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From "Schultz, Gary - COMM" <>
Subject RE: Best Way to Build a "Traditional" Website Structure Using Coc oon?
Date Fri, 09 Apr 2004 13:13:04 GMT
I'm getting off the subject somewhat, but I think css is the way to go. It
takes some extra work and effort to get things right in the various
browsers, but if stick to the css basics it works. My web pages render fine
in IE5.0 on Windows and Mac, and the latest version of Konquerer in Linux.
There are some things you can do with css that require complex nested
tables, which can make things confusing. Tables also tend to render
different in the various browsers. 

-----Original Message-----
From: Leon Widdershoven []
Sent: Friday, April 09, 2004 7:44 AM
Subject: Re: Best Way to Build a "Traditional" Website Structure Using
Coc oon?

I have found that supporting multiple browser is a nightmare when using
CSS. You need to have the test results of all supported browser at hand,
or you will forget something.

If you test on Mozilla, you will be shocked when viewing the results
on IE6, if you develop for IE6 you get problems with IE5.5. Safest bet
is to develop for IE5.5 (simplest CSS) and then test on mozilla (which is
pretty conformant).

Tables still are the safest bet. You can do quite a lot with XSL concerning
dynamic formatting, if you wish.

I reverted a CSS based set of pages to XSL formatted pages (with only simple
CSS) just because I had to support IE5.5, IE6 and of course Mozilla and

Also don't try to dynamically format contents using client-side javascript, 
unless you are a true JS wizard or support a single browser.

My lesson is: stick to HTML, IE can handle that. As a side note: Don't use
with transparancy, IE can't handle that.

As a hint for your other problem I can show an edited part of my code. This
indeed only one of the ways (the pages were xsp) -another way is with the 
JXTemplate generator or transformer.

This code is called with something like something like

And the templates are:
     <xsl:template match="pipeline-list">
	    <xsl:when test="count(pipeline-entry)=0">
		<!-- We don't have entries in this table - don't display
table 		-->
		<b>No Results</b>
	<table border="1" cellspacing="5" cellpadding="2" rules="all"
	    <xsl:apply-templates/> <!-- These are the cells -->
<!-- Example of selecting a node: These are totals appearing at the bottom
                 <th><xsl:value-of select="total/TQA"/> <
                 <th><xsl:value-of select="total/TWQA"/>

     <xsl:template match="pipeline-entry">
		<xsl:value-of select="Company"/>
		<!-- Have a match="Address" somewhere -->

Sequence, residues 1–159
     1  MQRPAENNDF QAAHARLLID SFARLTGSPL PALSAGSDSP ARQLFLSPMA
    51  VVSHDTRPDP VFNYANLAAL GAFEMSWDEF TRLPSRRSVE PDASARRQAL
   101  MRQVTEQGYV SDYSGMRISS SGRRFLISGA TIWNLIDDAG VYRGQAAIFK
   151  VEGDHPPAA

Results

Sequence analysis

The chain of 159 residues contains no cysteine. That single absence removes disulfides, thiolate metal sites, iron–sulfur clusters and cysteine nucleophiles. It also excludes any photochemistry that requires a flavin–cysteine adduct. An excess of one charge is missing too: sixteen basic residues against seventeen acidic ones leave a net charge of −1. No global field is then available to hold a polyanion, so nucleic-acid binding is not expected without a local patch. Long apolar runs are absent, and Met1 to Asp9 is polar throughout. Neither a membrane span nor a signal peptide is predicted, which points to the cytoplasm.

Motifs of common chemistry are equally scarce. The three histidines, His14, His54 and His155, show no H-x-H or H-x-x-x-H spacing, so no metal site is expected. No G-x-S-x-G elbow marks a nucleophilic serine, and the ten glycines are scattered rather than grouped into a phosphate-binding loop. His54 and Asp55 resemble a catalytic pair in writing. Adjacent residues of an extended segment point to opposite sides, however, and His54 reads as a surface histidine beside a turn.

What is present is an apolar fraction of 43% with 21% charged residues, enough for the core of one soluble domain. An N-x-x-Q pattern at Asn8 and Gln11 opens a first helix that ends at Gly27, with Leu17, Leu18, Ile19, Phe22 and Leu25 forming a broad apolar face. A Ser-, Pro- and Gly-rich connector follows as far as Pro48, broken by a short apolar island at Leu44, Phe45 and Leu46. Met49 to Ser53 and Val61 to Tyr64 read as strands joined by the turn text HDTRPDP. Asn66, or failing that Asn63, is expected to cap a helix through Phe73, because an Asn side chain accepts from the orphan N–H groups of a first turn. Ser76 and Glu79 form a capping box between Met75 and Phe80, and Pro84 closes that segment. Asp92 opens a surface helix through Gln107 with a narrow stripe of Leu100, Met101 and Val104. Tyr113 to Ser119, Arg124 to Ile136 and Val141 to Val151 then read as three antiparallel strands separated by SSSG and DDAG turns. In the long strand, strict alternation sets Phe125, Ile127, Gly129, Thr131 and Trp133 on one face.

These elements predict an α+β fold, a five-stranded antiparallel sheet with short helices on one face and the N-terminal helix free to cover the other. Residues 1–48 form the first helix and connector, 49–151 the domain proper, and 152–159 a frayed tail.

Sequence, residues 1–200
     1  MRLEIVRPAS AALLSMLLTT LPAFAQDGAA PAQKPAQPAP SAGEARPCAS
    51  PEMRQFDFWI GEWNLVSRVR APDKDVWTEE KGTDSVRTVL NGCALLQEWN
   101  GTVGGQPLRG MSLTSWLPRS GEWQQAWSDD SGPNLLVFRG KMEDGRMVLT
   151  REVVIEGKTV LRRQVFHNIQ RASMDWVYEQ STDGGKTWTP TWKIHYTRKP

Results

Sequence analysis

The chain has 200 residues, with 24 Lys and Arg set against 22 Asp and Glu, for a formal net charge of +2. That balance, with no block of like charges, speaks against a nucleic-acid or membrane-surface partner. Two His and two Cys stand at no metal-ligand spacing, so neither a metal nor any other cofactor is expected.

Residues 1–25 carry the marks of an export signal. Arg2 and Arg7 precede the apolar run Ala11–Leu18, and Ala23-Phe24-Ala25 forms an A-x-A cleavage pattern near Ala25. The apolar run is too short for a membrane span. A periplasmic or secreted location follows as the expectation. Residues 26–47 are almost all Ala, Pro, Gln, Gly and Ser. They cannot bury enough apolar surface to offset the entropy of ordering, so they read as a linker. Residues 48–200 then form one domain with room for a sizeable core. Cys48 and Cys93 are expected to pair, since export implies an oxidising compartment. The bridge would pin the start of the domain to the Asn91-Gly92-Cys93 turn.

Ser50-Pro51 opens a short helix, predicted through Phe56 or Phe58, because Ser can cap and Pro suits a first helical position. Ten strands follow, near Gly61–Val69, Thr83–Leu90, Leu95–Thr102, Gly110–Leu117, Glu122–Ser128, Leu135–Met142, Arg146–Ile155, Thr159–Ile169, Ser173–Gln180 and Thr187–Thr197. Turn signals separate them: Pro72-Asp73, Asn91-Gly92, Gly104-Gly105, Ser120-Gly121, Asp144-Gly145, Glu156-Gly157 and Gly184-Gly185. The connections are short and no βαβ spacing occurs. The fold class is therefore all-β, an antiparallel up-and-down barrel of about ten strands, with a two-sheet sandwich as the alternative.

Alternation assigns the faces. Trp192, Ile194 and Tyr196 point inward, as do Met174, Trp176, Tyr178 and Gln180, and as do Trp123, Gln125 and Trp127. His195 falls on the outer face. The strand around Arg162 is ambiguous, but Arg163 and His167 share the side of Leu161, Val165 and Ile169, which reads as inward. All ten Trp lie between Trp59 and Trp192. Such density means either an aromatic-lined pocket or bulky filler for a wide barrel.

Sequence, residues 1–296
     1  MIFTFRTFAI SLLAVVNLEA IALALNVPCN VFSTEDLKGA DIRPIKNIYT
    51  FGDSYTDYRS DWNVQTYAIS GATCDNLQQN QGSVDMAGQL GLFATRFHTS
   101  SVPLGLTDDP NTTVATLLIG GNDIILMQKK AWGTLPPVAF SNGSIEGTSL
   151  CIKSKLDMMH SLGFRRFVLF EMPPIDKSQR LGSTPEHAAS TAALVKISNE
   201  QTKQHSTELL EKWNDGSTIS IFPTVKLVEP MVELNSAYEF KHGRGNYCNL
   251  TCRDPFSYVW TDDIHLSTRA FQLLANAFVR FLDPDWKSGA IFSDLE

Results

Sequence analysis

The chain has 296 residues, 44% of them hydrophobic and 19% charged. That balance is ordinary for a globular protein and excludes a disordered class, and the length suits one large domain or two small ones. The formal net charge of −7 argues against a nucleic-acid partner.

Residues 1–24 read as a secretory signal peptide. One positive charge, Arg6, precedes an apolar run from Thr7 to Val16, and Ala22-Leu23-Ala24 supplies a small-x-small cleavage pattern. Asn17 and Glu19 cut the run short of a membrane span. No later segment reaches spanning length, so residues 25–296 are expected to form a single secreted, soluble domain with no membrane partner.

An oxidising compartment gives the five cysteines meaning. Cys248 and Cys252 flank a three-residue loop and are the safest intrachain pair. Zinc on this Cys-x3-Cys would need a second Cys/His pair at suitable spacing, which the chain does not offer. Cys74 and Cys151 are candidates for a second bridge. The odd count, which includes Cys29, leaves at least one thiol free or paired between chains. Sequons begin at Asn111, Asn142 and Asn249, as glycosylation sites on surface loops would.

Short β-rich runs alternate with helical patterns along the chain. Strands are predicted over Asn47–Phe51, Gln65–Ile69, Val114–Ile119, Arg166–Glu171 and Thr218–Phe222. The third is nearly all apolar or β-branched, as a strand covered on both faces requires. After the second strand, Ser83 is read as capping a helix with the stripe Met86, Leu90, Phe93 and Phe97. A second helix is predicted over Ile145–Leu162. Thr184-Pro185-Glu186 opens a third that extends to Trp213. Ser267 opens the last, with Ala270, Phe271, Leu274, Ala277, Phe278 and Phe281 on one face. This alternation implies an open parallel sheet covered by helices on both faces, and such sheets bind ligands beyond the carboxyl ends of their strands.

Schultz, Gary - COMM wrote:
> Have you considered cascading style sheets (css) for layout instead of
> tables. I'm using that for my web sites and I think it tends to simplify
> things. Use Cocoon to build the html element structure and css to layout
> web page. This way you do not have to worry about getting the different
> parts of the page in the correct table layout element. The basic layout of
> our Commerce Housing website at is css
> based. 
> Gary T. Schultz
> Web Technical Administrator / GIS Coordinator
> Wisconsin Department of Commerce
> 6th Floor
> P.O. Box 7970
> Madison, WI 
> 1-608-266-1283
> -----Original Message-----
> From: David Swearingen []
> Sent: Thursday, April 08, 2004 5:04 PM
> To:
> Subject: Best Way to Build a "Traditional" Website Structure Using
> Cocoon?
> Newbie question:  I am designing a dynamic website and have chosen
> Cocoon as the architecture.  The website will contain a 'classic'
> structure, with left navigation, masthead, footer, and a body section
> containing content.  The various elements, like the navigation,
> surrounding the content will rarely change of course.  I will define
> these in XML.  So there will be a leftnav.xml, masthead.xml,
> footer.xml.  In a typical website like this the whole thing is in an
> html table, and the top row of the table contains the masthead, a left
> cell contains the navigation, the right cell contains the body text,
> and the bottom row contains the footer.  Very straightforward, done all
> the time.  I've built numerous sites like this with Struts and other
> tools.
> Now imagine the request comes for a page, like faq.html.  I know how to
> make Cocoon grab faq.xml and run it through a XSL transformer to add
> the html markup and then serialize it out.  Done this already.
> But for my website I need to generate the entire table context for the
> page, then insert the masthead html, then there's more html that closes
> the table cell and opens a new one, generates the left navigation html
> from leftnav.xml, closes the cell, spits out my content from faq.xml,
> etc., you get the picture.
> Ideally I want my page structure html -- the code that defines the
> overall page table that holds all the elements -- in one file, and the
> masthead, navigation and footer in their own files, and then of course
> the content documents are in their respective xml files.  This makes
> for easy site maintenance.
> So what's the best way to do this in Cocoon?  It seems it could be
> accomplished in numerous ways, but I have a feeling there's a
> best-practice here.
> Thanks,
> David
> __________________________________
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